The number of discrimination and harassment claims on Capitol Hill has doubled in the past five years – and taxpayers have shelled out hundreds of thousands of dollars to settle those disputes.
A new report out Thursday says 168 claims were made in fiscal 2010 alleging discrimination and harassment – compared to 87 claims reported in fiscal 2006. Fifty-seven of the claims made last year were based on race, while 41 claims involved age, 34 involved gender and 28 involved disabilities, according to the report from the congressional Office of Compliance.
The harassment and discrimination claims stem from 105 cases filed with the Office of Compliance last year, meaning one person could make more than one claim. The vast majority of cases involve the large workforce under Architect of the Capitol and Capitol Police, with about a fifth of the cases coming from House and Senate offices.
While the total number of complaints has risen, the payouts in settlements fluctuate year to year.
In fiscal 2010, taxpayers paid $246,271 to settle nine matters brought to the OOC over the years. That’s a big drop from the previous year, where $831,360 was spent to settle 13 claims. The cash awards settled matters of discrimination and harassment, as well as retaliation claims and disputes over contracts and pay. Since fiscal 1997, taxpayers have footed the bill for more than $13.2 million in cases resolved by the OOC.
Claims of retaliation and intimidation have also grown in the congressional workplace – from 46 claims in fiscal 2006 to 69 in fiscal 2010.
The Office of Compliance (OOC)– which is charged with protecting congressional workers and facilities – is urging lawmakers to take extra measures to ensure Hill staffers are well aware of their rights. The OOC called for all offices to post a list of workers’ rights and require training for managers and staffers on how to prevent inappropriate conduct at the workplace.
“A more informed and educated workforce will lead to a more responsible and productive workplace,” said Tamara Chrisler, the the Office of Compliance’s executive director, in a statement.
Citing confidentiality reasons, the OOC won’t reveal any specifics behind these cases, and it doesn’t say whether any of the cases involve claims against elected lawmakers. These names only become public if a staffer takes the case to federal court.
The OOC’s report also sheds light on potentially dangerous conditions in the congressional workplace. Their investigators found 5,400 hazards – mostly involving electrical and fire-safety issues – on the Capitol complex during the 111th Congress, with one-fourth of those identified hazards considered to be “high risk” to employees and visitors.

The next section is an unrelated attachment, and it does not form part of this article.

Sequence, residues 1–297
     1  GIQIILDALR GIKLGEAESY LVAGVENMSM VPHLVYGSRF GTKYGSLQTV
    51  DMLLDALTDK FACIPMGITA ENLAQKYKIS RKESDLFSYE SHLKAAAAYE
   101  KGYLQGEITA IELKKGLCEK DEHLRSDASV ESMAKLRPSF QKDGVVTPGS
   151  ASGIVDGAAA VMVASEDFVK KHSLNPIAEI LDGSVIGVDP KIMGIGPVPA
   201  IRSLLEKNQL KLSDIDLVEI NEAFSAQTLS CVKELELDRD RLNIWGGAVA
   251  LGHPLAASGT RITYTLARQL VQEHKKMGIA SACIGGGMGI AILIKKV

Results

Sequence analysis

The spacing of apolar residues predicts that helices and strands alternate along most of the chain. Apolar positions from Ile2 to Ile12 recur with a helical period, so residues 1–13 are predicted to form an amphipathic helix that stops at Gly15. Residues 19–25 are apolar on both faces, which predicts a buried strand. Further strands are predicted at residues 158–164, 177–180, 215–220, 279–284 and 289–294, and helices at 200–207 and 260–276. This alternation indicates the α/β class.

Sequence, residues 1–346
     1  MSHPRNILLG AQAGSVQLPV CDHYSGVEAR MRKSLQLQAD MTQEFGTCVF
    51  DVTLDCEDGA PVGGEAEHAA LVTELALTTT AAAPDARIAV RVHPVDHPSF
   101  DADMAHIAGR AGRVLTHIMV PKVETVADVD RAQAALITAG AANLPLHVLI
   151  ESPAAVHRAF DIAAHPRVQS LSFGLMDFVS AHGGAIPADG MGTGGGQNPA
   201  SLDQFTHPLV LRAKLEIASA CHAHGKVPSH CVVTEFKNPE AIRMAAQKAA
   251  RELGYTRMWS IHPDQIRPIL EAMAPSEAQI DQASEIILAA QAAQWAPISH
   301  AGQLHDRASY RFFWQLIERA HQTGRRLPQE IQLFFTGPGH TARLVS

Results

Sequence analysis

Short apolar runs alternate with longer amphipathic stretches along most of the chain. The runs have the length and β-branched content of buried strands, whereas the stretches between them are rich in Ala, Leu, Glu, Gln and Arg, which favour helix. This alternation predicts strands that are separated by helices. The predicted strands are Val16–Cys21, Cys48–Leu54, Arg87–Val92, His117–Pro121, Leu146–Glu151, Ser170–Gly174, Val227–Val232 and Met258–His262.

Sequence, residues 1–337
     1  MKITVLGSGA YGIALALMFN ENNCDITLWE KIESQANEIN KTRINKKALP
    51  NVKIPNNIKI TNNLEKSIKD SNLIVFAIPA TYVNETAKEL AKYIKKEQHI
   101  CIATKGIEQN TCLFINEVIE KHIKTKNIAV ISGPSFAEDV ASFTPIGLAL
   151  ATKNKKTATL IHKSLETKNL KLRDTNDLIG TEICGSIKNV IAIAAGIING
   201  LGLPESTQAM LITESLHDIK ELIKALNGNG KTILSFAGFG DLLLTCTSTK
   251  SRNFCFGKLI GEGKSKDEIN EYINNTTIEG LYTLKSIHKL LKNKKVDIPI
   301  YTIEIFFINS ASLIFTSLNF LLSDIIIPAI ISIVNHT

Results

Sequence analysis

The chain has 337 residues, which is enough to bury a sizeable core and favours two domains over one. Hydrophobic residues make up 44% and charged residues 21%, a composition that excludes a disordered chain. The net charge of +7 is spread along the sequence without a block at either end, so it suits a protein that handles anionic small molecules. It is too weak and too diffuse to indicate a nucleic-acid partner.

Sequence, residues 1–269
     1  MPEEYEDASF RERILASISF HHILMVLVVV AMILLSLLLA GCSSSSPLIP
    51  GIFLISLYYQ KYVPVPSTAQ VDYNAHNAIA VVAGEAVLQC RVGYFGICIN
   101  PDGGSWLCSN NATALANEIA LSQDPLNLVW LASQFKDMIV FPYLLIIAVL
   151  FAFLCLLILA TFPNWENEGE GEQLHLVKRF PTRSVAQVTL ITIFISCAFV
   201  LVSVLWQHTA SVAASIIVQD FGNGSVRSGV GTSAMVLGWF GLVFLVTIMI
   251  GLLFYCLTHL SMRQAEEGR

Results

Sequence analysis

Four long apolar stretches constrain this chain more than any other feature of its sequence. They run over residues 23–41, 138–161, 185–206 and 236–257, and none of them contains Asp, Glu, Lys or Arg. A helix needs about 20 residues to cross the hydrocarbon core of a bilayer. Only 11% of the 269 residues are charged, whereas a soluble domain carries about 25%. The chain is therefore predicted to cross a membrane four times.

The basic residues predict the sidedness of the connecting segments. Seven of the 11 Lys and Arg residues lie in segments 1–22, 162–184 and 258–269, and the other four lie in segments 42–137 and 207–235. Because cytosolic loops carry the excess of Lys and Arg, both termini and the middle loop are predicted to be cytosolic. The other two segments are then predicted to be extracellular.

“The hazards … present a wide range of risk: some could result in death or extremely serious injury and/or a very high likelihood of occurrence, while others indicate less serious injury and/or a lower likelihood occurrence,” the report read. “However, the cumulative effect of this number of hazards – even if each is comparatively low-risk standing alone – may increase the risk of injury to employees and damage to a facility.”
But the number of identified hazards is a significant decline from previous Congresses. In the 109th Congress, investigators found 13,141 hazards, while in the 110th Congress, they identified 9,250.
In a joint statement, Reps. Dan Lungren (R-Calif.) and Robert Brady (D-Pa.), whose Committee on House Administration oversees the OOC, noted the positives in the report, such as the steep decline in hazards and that more employees were reaching out to the OOC for its services. They didn’t directly address the office’s request for more visibility and training on employee rights.
“As always, we will continue to work together to address the remaining hazards and ensure employees understand their rights and protections afforded by” federal law, Lungren and Brady said.
Eva Malecki, a spokeswoman for the Architect of the Capitol, said since fiscal 2007, Congress has spent more than $210 million for 55 safety-related projects on congressional property. Improvements undertaken by the Architect of the Capitol include installing more ventilation systems, improving electrical systems, and extending sprinkler and smoke detector coverage.
“The record shows that the level of safety has never been higher and continues to improve,” Malecki said in an e-mail.
The OOC was created to enforce the Congressional Accountability Act of 1995, which forced Congress to obey various federal labor and workplace safety laws from which lawmakers had previously exempted themselves.
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